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Kudos0

Norton IS vs Norton 360

In Norton IS 2012 , it does defrag when the system is idle , but what is the difference then ?

Norton 360 does also defrag , but also in idle or actively ?

Replies

Kudos0

Re: Norton IS vs Norton 360

In Norton IS 2012 , it does defrag when the system is idle , but what is the difference then ?

Norton 360 does also defrag , but also in idle or actively ?

Kudos0

Re: Norton IS vs Norton 360

NIS does not defrag - you can google for the  comparision between NIS and N 360

Kudos1 Stats

Re: Norton IS vs Norton 360

Hi IndoNator,

In Chapter 2 of the NIS 2012 Product Manual, it states,


" You can use the Performance window for the following:
....
.
1 To rearrange the organization of files on your
system
Optimizing your system helps you maximize the
usable free space on a disk by grouping files based
on how they are accessed. The Optimize option at
the top of the Events graph lets you defragment
your system.

...

When you use the Optimize option in Windows XP,
Norton Internet Security optimizes only the boot
volume (for example, C:\Windows). Therefore, it
requires less time to complete optimization. However,
when you use the Optimize option in Windows Vista
or Windows 7, Norton Internet Security optimizes the
drive that contains the boot volume. Therefore, it

requires more time to complete optimization. "


HP-Mini 110 -1020NR (netbook) 2GB RAM, CPU N270 @1.60GHz, Windows XP Home, SP3, NIS 2011 18.6.0.29 (installed 12h00 GMT 18-JUL-11) , FF5,IE8
Kudos0

Re: Norton IS vs Norton 360

Thanks RichD,  I stand corrected - I never knew that NIS had that function!

Kudos0

Re: Norton IS vs Norton 360

it says if u use the optimize option in the performance tab , yes i know.

but what does it do when the computer is in idletime , does it defrag or optimize , and what does it optimize , little confusing.

Kudos0

Re: Norton IS vs Norton 360

Hi IndoNator,

When Norton "optimizes" the disk, I think it is simply using the standard Windows utility for defragmentation, but it uses different options appropriate for Windows XP than for Windows Vista or Windows 7.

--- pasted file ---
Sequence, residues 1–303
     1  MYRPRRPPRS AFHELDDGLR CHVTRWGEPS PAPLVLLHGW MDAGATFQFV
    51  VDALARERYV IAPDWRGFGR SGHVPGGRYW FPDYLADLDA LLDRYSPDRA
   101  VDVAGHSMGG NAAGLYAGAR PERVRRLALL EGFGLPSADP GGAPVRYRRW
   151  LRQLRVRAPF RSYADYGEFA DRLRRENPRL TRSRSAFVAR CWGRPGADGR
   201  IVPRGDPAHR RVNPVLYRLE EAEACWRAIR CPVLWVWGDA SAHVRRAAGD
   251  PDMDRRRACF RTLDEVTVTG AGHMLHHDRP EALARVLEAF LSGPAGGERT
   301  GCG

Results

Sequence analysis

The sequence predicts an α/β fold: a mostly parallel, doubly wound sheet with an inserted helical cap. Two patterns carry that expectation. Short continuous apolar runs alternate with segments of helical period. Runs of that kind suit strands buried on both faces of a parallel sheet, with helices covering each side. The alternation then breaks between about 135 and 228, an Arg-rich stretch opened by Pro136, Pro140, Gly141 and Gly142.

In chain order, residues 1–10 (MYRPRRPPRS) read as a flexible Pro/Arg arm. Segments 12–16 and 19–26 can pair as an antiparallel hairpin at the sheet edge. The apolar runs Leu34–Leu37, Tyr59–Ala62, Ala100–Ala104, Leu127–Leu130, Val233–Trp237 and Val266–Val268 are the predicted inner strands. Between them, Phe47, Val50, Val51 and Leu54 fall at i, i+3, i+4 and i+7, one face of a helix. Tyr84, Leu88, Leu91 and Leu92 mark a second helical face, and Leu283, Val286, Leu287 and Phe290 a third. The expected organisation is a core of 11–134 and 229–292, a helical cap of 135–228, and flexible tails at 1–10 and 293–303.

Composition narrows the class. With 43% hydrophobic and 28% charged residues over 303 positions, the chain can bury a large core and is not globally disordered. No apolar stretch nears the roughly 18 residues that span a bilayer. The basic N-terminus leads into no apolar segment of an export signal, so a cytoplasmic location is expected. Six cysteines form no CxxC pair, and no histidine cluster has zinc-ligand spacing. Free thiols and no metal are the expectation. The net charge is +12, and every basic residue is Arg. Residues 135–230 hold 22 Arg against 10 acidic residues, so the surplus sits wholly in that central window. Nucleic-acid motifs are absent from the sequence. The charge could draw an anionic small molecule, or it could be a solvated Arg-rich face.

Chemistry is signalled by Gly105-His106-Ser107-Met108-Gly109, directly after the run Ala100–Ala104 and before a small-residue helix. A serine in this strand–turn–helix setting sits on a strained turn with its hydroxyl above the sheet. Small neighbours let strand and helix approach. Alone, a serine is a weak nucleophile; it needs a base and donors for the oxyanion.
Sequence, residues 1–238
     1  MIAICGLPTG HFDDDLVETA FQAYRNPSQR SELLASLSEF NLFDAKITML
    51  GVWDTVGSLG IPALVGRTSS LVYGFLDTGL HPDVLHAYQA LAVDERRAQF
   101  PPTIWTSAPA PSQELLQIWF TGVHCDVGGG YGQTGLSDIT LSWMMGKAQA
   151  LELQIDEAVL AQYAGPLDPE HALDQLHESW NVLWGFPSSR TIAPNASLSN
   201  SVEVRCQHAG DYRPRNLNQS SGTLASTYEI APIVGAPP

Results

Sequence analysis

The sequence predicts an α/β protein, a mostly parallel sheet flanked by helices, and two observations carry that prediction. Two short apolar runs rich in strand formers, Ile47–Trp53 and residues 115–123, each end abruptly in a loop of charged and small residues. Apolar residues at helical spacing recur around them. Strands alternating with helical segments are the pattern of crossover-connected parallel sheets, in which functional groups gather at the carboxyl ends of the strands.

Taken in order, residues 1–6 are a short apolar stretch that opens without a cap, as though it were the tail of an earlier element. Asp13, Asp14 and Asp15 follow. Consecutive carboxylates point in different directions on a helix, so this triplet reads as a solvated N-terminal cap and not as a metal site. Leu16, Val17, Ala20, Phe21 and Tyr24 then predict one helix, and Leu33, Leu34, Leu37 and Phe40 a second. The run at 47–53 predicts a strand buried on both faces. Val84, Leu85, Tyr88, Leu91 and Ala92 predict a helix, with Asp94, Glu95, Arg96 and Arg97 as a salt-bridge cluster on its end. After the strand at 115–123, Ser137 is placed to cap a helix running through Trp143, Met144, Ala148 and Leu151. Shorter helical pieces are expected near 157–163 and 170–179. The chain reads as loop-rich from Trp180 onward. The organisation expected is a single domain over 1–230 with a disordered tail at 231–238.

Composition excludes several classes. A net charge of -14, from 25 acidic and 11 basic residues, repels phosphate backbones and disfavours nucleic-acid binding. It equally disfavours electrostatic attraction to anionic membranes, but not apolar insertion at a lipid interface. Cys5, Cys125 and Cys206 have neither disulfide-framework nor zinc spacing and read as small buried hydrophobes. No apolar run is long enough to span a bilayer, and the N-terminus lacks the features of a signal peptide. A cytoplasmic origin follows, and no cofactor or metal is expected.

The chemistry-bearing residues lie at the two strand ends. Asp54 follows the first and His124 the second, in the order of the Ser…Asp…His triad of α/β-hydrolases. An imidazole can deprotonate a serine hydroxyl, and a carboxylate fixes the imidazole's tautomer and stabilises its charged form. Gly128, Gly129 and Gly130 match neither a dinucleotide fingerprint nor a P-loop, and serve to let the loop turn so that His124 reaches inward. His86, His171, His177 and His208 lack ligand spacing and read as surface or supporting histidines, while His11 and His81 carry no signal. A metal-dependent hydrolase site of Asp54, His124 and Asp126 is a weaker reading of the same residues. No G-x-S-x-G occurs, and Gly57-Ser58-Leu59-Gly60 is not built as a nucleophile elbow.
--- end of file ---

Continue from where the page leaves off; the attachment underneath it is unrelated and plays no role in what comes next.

In your Performance Window, you can check which process is running when the optimization is running by clicking on the yellow CPU peak on the performance graph.  I think you will find that Norton is either running  defrag.exe, or dfrgfat.exe, or dfrgntfs.exe.  All of these are standard Windows utilities for defragmenting the disk (the whole disk, or only part of it, depending on the options used). In my opinion, the Norton optimization function doesn't do anything more than what the Windows defragmentation utility does -- but I might be wrong.  I don't see much evidence that Norton is calling any Norton-specific utility for optimization.



HP-Mini 110 -1020NR (netbook) 2GB RAM, CPU N270 @1.60GHz, Windows XP Home, SP3, NIS 2011 18.6.0.29 (installed 12h00 GMT 18-JUL-11) , FF5,IE8
Kudos0

Re: Norton IS vs Norton 360

but why is there a option in Norton IS 2012 then , if it calls the Windows utility , Windows has a own defragger and it has a scheduler , or am i missing something ?

if u have both on is that then overkill ?

Kudos0

Re: Norton IS vs Norton 360


IndoNator wrote:

but why is there a option in Norton IS 2012 then , if it calls the Windows utility , Windows has a own defragger and it has a scheduler , or am i missing something ?